Wednesday, March 4, 2015

IWSG: Have You Found Your Tribe?

Jeff Goins wrote a great blog post on Finding Your Tribe. It's about the steps you take and the method you use to find your tribe, or as Jeff put it, your "true fans". These are people who really 'get' you and support you because your outlook, values, or life path coincide with their own. When you meet a member of your tribe, it's as though you've come home. You can be yourself - all of yourself - without judgement, and share your quirks and passions with another who's just as quirky and passionate as you are.

SSU Fantanime Club 2000. I'm in the purple skirt
My family has always been my tribe: creative people who value a relationship with God, self-improvement,
helping others, deep thinking, broadening their horizons, discovering new interests, and following their true calling. My parents and siblings are bookworms, teachers, students, caregivers, builders, creators, sharers, pioneers, initiators, optimists, geeks, writers, artists, and life coaches with vast imaginations. Most of my family and friends are in creative or educational fields, concentrating on furthering the dreams and education of others as well as themselves.

If you work in a job you love, chances are you can find members of your tribe there. College and graduate school are some of the best places to find your tribe. Through the years, I've found members of my tribe all over the place - from online roleplay groups, to various themed conventions, work events, and church functions. The internet can make it even easier to find your tribe, if you know where to look.

For writers, the best CPs come from your tribe, beta readers too, so it's a good idea to get looking. You can find readers in your genre on Goodreads, Twitter, Facebook groups, and many other places. And, of course, there's Insecure Writers Support Group! If you haven't found your tribe, this is a good place to start.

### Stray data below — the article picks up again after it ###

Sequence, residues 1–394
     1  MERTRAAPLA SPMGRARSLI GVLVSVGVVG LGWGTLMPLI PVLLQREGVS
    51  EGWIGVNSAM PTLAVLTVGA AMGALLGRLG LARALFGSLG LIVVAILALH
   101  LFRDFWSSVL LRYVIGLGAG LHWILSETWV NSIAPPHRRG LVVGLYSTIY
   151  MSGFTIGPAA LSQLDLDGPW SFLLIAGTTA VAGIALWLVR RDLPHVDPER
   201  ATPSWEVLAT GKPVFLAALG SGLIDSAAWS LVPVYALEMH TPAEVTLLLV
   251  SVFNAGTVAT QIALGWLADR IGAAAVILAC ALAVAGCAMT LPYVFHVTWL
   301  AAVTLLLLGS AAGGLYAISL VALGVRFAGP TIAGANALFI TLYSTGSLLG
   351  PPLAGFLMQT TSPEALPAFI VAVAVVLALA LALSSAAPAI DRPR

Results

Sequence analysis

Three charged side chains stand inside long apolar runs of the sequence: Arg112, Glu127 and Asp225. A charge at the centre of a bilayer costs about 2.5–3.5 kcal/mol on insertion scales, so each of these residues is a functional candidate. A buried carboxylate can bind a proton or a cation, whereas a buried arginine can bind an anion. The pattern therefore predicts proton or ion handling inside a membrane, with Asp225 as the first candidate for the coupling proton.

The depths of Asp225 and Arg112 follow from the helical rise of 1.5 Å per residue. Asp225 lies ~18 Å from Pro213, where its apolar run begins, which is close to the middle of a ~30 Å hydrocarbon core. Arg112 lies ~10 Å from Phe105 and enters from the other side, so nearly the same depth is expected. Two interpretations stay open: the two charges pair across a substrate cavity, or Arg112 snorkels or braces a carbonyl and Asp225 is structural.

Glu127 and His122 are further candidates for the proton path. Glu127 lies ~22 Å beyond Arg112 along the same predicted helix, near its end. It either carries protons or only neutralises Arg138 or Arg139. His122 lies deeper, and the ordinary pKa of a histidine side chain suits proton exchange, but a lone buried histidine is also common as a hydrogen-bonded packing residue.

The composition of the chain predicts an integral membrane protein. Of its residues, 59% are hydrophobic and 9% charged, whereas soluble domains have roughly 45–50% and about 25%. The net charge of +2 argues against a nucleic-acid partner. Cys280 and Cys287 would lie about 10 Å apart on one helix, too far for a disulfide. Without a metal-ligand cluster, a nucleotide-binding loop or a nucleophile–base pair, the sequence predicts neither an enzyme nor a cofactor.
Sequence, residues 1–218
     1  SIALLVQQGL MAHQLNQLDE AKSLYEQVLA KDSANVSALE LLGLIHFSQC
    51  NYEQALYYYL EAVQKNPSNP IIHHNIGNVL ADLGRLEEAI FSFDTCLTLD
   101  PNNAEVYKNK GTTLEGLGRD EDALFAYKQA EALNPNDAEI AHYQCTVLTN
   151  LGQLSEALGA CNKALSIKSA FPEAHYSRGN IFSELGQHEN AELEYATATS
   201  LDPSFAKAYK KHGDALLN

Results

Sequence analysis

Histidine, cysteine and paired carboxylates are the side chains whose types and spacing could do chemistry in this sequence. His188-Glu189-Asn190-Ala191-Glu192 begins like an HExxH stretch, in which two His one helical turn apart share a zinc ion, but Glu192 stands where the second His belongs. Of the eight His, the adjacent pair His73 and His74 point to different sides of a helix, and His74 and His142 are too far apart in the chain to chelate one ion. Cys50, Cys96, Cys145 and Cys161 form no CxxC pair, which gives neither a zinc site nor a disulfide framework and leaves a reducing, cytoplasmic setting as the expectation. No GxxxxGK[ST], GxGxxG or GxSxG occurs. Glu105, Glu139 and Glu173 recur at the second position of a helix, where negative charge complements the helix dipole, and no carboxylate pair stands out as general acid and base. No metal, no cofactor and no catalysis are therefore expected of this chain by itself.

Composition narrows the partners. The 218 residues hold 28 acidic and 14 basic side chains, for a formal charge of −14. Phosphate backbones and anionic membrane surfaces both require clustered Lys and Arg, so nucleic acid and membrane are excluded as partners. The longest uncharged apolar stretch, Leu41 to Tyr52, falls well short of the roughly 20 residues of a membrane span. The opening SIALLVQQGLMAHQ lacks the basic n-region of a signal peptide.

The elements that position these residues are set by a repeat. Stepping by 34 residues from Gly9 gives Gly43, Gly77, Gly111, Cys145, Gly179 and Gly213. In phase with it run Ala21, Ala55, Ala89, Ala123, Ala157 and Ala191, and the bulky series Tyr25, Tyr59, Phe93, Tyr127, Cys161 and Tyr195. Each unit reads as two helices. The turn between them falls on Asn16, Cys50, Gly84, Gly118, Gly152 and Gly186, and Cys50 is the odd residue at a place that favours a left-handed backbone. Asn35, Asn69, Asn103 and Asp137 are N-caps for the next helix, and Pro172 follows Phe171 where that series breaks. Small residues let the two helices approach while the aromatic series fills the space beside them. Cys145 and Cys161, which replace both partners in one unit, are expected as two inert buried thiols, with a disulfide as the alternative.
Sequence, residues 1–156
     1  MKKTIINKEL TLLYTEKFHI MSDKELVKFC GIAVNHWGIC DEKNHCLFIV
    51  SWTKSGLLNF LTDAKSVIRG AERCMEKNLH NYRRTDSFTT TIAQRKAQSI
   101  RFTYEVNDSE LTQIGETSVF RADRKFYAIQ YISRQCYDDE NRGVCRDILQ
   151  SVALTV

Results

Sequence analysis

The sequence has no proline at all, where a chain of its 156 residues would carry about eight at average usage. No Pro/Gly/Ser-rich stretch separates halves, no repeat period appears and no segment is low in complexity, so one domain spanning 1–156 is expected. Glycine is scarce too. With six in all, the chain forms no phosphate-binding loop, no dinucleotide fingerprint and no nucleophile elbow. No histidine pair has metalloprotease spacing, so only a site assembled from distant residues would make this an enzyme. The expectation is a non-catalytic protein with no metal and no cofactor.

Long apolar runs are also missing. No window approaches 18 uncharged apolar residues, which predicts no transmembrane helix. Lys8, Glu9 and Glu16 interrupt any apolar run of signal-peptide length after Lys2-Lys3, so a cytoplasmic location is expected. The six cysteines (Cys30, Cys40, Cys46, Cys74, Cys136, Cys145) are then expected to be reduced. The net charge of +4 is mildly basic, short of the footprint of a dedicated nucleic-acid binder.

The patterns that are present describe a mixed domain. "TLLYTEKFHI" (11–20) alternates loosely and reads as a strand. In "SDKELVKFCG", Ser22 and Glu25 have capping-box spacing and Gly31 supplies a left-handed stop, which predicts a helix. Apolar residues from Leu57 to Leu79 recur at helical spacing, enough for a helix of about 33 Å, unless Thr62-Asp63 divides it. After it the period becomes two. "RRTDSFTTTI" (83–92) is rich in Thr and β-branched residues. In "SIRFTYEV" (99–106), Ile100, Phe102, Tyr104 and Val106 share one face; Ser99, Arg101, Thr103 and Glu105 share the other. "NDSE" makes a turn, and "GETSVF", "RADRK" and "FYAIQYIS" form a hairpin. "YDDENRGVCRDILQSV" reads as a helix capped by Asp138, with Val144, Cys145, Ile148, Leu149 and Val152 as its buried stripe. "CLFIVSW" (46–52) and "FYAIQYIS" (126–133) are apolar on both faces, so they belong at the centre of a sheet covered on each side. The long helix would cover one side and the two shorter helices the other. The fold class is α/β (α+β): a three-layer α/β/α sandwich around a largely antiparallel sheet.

Have you found your tribe? What suggestions would you give to those still looking?

Tuesday, March 3, 2015

What Animated Movie Changed Your Life?

Whether you often watch animated movies as an adult, or watched them when you were a kid, there's always that one film that altered your viewpoint or became an obsession for awhile. Mine was All Dogs Go To Heaven.

I didn't grow up with tv. My family got it in the early 90s. So, the first movies I saw were those that had been released on vhs some years before. We're talking mid-to-late 1980s animation. There was some good stuff there, let me tell you.

Before Hayao Miyazaki's wonderful, beautiful, emotionally moving films, there was Don Bluth and his layered, morally-charged, and often rather dark animated work. It blew children's minds (The Secret of N.I.M.H. anyone?) and kept them awake pondering life and death, loss, and good vs. evil. Evil carried greater weight in Bluth films, because evil was usually someone you knew who did things you couldn't understand and never imagined doing yourself. But they were people - or in many cases, dogs and mice - not monsters.

That brings me to All Dogs Go To Heaven, the movie that forever changed the way I looked at children's films. On the surface, this movie looks like a quirky story about singing, dancing dogs who adopt a sweet little orphan girl and become best friends. Really it's a story about a gambling, alcoholic stray who steals a little girl from his shady business partner and uses her to get revenge on said partner. There is quite a lot of boozing, gambling, and violence. That is SO not a story for kids!

I didn't hate All Dogs Go To Heaven, but it didn't make me comfortable. It was grittier and darker than any animated movie I'd seen before. That was probably why I ended up obsessing over it.

I loved the characters and the deeper plot in the story (Charlie's fall from grace and path to redemption) so much I created tons of fanart - a lot of it out of modeling clay. I acted out the story with my toys and even created new stories for them, following the canon of the movie (fanfiction in its earliest form).

Charlie's character type of the lovable scoundrel still fascinates me in movies and literature. I still seek out stories where there's at least one rascal with a tendency toward goodness. Seeing this movie when I was a kid not only affected me then, but still affects me now (and not just because I still cry when I watch it).

What animated movie changed your life?
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